No one wants to have debt, but sometimes it’s the only way to get by, even when it’s the last thing someone wants. This is why it’s such a relief when you’re able to pay off a debt; it’s a load off your shoulders. Unfortunately, while it is an accomplishment to pay off a debt, it doesn’t necessarily mean that it will positively affect your credit score. In some cases, it can actually cause your credit score to drop, as counterintuitive as it may sound. To understand why your credit score may drop after repaying debt, it’s necessary to understand the factors that make up your credit score.
Why Does a Credit Score Drop After Repaying a Debt?
Creditors want people to repay the money they lend; therefore, it’s reasonable to assume that paying off debt helps a credit score rise. However, that’s not exactly how a credit formula works. The portion of your credit limit that is currently in use is known as credit utilization and is a significant factor in a credit score.
Credit utilization is one of the reasons a credit score may drop after paying off some of your debt (especially if an account is closed). It’s ideal to have low credit utilization—30% or lower. The lower, the better. Low credit utilization shows lenders that you can manage your finances without relying too heavily on credit. When you pay off debt and close the account, the amount of credit available to you decreases, which results in your overall utilization going up and, in turn, dropping your credit score.
Other factors that are considered in the credit score formula that can also contribute to your score dropping after paying a debt include:
Average Age of All Opened Accounts
Another component that is considered in the calculation of your credit score is the length of your credit history. Paying off an old debt may short your credit history and make it appear as if you don’t have a long credit history to lenders, which can cause your score to drop.
Credit companies want to see a credit history demonstrating that you’re using several different types of credits responsibly. When you pay off a loan or close an account, this may affect the variety of your credit mix, which can cause a temporary drop in your credit score.
Paying off debt is a positive accomplishment, and it shouldn’t negatively impact your credit score. While it may seem complicated, paying off debt doesn’t necessarily have to cause a drop in your credit score. This is why it’s important to understand the many components that make up your credit score and how to pay debt to help your score increase, not drop.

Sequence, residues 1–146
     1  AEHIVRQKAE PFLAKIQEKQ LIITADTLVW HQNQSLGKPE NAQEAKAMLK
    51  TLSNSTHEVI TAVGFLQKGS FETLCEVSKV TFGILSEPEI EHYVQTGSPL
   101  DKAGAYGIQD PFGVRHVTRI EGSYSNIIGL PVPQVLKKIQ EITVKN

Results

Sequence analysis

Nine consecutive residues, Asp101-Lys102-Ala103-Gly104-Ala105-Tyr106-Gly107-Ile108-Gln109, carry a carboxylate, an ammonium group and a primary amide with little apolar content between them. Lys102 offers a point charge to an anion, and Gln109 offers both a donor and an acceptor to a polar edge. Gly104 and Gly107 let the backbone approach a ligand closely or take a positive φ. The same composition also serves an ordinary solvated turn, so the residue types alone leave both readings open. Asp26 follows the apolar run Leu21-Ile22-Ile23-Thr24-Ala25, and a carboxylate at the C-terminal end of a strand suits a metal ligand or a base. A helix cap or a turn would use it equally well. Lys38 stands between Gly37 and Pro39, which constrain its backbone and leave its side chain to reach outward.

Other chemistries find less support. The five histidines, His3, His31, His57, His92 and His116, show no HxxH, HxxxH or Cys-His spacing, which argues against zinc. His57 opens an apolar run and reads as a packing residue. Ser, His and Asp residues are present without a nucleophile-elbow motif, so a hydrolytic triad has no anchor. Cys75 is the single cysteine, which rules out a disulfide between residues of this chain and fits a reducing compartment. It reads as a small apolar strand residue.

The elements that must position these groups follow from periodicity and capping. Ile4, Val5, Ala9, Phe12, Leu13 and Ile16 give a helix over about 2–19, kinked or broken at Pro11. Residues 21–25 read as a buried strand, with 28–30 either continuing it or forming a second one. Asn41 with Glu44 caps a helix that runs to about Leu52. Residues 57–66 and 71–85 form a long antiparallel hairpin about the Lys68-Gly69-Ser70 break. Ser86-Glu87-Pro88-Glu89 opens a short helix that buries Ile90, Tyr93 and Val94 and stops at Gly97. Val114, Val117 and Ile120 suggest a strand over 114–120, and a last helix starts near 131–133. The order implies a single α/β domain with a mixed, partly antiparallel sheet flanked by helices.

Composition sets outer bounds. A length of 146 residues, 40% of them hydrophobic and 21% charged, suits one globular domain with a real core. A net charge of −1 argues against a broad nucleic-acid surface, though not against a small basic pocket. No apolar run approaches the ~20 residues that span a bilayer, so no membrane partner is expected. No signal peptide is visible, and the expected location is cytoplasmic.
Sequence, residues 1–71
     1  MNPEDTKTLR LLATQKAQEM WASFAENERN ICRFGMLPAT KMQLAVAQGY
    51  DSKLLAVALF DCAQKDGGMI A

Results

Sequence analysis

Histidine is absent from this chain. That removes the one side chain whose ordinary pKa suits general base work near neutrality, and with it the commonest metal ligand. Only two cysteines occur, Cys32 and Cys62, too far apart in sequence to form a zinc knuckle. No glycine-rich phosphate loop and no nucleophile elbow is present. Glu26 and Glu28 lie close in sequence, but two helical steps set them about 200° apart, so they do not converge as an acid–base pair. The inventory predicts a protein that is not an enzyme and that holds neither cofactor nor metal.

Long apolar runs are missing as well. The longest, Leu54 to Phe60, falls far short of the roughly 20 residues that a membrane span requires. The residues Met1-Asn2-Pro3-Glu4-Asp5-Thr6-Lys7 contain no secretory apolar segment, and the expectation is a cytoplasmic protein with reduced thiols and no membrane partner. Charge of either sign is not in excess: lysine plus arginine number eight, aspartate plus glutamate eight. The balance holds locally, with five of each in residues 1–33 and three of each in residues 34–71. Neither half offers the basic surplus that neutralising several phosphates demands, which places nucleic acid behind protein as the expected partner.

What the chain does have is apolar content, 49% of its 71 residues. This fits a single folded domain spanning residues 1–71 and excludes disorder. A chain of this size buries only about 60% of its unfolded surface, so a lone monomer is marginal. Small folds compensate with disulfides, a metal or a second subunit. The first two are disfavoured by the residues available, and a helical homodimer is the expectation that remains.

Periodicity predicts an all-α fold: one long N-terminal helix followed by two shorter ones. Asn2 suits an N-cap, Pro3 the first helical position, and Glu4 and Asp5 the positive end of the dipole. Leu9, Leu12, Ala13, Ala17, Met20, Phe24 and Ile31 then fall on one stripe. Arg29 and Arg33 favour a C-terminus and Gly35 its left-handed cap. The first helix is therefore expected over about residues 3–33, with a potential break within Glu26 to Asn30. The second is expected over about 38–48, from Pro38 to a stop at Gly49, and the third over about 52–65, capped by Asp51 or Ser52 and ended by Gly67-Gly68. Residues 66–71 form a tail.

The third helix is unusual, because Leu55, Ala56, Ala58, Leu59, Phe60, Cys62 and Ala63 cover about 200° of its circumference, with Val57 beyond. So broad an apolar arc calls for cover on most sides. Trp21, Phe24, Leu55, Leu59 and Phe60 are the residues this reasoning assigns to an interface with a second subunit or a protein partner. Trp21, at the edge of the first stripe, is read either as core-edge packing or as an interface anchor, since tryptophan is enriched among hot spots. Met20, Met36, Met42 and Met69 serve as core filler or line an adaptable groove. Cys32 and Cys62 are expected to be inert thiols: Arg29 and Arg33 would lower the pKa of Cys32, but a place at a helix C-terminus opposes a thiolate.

How to Pay Off Debt and Help Your Credit Score
Prioritizing credit card debt can help you budget because cards generally have higher interest rates than installment loans. Tackling your credit card debt first can also help lower your credit utilization score if you find you use one card or certain cards the most. Cards that are close to their limits should be a priority. The goal is to lower those balances to no more than 30% of your limit (once again, the lower, the better).
Other credit-building habits to keep in mind:
- Pay on time, every time
- Keep credit cards open (if possible)
- Use credit lightly
- Try not to keep installment loans just to avoid a score drop—this can lead to unnecessary interest cost
Paying off debt is rarely the wrong decision, especially if it has a high-interest rate. This is true even though it may cause a temporary drop in your credit score.
Need Help With Your Debt? Consult a Debt Settlement Attorney
You are not alone if you are struggling with debt and unsure how to best approach tackling your payments. Nearly everyone has some form of debt, credit cards, student loans, personal loans, and many more, yet not everyone has the financial knowledge to tackle their debt problems.
At McCarthy Law, our attorneys are dedicated to helping you get out of the cycle of debt. We know that a lot of the language surrounding debt is deliberately confusing, and we are here to make you feel more confident in your decision about debt by providing you with the legal knowledge and support you need. Our licensed attorneys can handle negotiating with lenders to reduce interest rates and balance of your credit cards. Contact our offices at (855) 976-5777 or complete our contact form to speak with one of our skilled debt settlement attorneys today.